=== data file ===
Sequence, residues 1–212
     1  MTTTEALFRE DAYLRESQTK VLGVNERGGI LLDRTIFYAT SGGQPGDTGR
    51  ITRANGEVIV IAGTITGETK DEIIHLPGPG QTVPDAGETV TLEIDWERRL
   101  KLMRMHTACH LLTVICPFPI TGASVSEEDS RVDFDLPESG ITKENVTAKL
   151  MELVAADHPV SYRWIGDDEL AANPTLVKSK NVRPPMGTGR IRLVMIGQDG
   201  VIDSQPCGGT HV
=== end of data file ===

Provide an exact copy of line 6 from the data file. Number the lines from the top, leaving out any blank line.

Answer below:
   201  VIDSQPCGGT HV